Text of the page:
Re: WWW Security Hole -- Bull! -- Bull!

Marc VanHeyningen <>
From: Marc VanHeyningen <>
Subject: Re: WWW Security Hole -- Bull! -- Bull!
In-reply-to: Your message of "Thu, 12 Aug 1993 16:15:22 -0400."
Date: Thu, 12 Aug 1993 16:46:53 -0500
Message-id: <>
Status: RO
Thus wrote: Robert Raisch
>and someone else mentions that telnet itself is inherently unsafe.

How so?

>Let's face it folks, TCP/IP is unsafe.  We are not working with technology
>which protects us from the wolves.  Anyone who is seriously concerned with
>network security does not connect to the Internet. Period.

Fortunately, the above statement is not true.  If it were, or if it
becomes true in the future, the Internet will never be the tool that
its proponents envision it to be.  At least some people who worry use
things like firewalls, but firewalls don't defend against this
particular kind of vulnerability.

Of course, if word becomes widespread that WWW allows firewalls to be
bypassed and security weaknesses to be exploited, corporate sites
running firewalls will be unwilling to allow HTTP packets pass through
for their users.  This is why it's important to fix it quickly; we
have already heard from at least one large company who could get rid
of WWW if it's seen as insecure.

>        We can spoof sendmail.  Ok, fix sendmail and leave the tools
>        alone.  I can use a sledgehammer to break into a house so
>        we make the possession of a sledgehammer a capital offence.
>        What utter nonsense!

I can make no sense at all out of your analogy with prohibiting
sledgehammer possessions.  The problem is that it's possible for an
attacker to disguise your front door as a Wack-a-Mole game so that
people smash it in with sledgehammers without ever knowing they did
anything.  I don't think this is good.

>	It's simply not our responsibility to restrict the first truly useful
>	tools we have developed to manage the complexities of information
>	navigation simply because the network has embraced hacks and 
>	kludges instead of well developed services -- and if we take the tack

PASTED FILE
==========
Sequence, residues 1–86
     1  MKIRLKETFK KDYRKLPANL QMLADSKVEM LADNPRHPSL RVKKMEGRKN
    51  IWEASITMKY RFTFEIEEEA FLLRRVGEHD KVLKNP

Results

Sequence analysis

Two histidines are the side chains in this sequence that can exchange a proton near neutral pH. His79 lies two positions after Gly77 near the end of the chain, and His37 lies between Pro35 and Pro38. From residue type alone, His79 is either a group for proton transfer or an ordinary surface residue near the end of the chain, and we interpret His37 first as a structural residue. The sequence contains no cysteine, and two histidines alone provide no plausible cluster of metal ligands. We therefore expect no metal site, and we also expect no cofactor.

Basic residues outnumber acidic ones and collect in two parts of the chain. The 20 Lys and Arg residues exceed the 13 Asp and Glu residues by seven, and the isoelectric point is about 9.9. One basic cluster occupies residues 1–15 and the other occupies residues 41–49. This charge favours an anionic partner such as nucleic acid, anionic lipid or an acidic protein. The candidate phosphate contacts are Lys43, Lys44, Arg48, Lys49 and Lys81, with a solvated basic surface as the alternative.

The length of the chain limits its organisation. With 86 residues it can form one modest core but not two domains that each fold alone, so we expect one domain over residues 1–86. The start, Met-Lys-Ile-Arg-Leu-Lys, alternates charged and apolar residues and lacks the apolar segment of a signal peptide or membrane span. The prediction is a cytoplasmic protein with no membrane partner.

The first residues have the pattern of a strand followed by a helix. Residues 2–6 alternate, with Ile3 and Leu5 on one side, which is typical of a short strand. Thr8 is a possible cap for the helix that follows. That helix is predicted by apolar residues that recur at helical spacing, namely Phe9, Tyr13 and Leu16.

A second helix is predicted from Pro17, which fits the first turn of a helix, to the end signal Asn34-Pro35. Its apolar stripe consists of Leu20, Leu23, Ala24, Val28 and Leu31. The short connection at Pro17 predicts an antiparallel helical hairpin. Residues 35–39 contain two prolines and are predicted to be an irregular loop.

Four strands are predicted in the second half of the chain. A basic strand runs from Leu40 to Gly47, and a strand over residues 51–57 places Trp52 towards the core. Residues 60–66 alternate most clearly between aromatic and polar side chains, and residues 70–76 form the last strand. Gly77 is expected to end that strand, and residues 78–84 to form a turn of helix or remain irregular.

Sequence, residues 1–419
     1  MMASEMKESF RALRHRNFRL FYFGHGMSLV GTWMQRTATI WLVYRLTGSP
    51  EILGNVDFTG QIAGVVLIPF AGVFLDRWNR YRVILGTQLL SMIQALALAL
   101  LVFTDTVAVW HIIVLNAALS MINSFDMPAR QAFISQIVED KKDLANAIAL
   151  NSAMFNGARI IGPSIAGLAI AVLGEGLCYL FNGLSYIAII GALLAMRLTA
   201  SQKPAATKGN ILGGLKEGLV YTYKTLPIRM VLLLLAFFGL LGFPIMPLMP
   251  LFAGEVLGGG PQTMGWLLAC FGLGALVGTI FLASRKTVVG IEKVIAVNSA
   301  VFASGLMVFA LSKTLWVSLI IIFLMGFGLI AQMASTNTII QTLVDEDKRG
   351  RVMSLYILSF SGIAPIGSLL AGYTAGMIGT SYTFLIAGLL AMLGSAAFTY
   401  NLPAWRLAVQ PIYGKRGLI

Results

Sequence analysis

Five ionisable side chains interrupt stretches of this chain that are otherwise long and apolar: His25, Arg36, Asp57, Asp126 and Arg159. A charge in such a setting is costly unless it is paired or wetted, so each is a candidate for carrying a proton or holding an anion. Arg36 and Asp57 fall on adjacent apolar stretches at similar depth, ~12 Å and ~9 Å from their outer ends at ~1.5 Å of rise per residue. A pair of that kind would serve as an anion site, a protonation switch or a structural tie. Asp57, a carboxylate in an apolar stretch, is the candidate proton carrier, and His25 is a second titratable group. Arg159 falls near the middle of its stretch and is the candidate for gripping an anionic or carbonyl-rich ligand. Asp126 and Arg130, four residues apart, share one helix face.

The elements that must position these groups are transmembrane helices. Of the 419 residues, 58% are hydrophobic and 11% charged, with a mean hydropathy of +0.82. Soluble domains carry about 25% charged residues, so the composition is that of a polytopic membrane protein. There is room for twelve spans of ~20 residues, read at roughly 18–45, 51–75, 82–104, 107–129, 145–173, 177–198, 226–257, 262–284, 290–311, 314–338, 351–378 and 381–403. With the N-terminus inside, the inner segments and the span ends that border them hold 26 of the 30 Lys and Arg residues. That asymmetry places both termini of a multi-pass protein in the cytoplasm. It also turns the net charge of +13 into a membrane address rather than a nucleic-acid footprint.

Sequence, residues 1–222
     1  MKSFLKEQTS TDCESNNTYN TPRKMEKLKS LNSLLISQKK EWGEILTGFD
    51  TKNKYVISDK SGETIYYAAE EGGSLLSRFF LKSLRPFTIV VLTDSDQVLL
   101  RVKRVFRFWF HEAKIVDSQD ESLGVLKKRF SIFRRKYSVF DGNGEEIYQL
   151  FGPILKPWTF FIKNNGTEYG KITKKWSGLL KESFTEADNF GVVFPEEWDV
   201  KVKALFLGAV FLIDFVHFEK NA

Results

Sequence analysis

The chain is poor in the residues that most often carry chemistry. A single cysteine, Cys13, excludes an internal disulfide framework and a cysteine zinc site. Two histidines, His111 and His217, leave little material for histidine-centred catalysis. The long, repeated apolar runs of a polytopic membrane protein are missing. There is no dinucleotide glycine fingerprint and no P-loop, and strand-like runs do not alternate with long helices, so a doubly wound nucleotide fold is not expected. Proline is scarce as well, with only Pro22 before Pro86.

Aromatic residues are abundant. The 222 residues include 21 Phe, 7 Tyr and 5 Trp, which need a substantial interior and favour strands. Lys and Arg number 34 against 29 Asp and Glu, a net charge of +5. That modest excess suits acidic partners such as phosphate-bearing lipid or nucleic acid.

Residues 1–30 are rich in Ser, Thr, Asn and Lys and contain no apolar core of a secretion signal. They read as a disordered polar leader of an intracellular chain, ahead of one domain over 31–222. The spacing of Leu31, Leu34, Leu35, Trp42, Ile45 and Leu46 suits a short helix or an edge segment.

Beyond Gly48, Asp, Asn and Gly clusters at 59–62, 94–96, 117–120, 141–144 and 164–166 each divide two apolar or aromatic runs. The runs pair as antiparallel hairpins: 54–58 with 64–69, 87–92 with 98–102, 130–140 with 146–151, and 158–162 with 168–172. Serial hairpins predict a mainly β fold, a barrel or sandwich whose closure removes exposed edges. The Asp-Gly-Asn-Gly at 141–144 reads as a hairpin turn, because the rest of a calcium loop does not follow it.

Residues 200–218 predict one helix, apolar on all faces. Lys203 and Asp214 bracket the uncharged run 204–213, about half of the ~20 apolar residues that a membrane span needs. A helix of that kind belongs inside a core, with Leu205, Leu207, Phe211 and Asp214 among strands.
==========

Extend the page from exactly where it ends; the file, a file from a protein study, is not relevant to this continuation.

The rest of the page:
>	that it is, we swiftly become lost in thousands of twisty little 
>	tunnels of paranoia, all alike.
>	Mime and a few people's well intentioned but misguided efforts 
>	notwithstanding.
>Apologies to any offended, but this is a hot button with me.

With me as well. I don't think you understand the severity of this.  I
could, had I the desire, probably manipulate some much-viewed document
(say, the finger gateway image stuff) I could cause several thousand
people to send mail without knowing it.  If the recipient of said mail
was someone significant (a smart server would vary it depending on the
location of the request; say, the president or CEO or their
company/University/etc.) and the contents of such mail sufficiently
bad (say, brutal rape and death threats) it would not be difficult to
envision having accounts yanked, being fired or expelled, and the like
to happen to many people before the truth was discovered (if it ever
was; depends how clever I was about it.)

The real problem (IMHO) is that Gopher is so broad that it's possible
to simulte other protocol's commands within it.  SMTP is arguably
sub-optimal as well.  But denouncing these things as ugly hacks (which
is possibly true) does not relieve us of the responsibility to do what
is possible to create a safe WWW environment for people.

The modifications needed are not terribly dramatic; disallowing
crlfs to be sent to gopher clients would be a significant help.
Prohibiting connections to ports <1024 other than 70 would help more,
though it might lose some functionality.  Fixing this bug need not
entail crippling anything as you claim.  What's important is that the
whole problem, not just this particular manifestation, be fixed.

In general, safety is more important than functionality.  Period.
That's why we have speed limits on roads, and that's why we need this

- Marc
Marc VanHeyningen  MIME, RIPEM & HTTP spoken here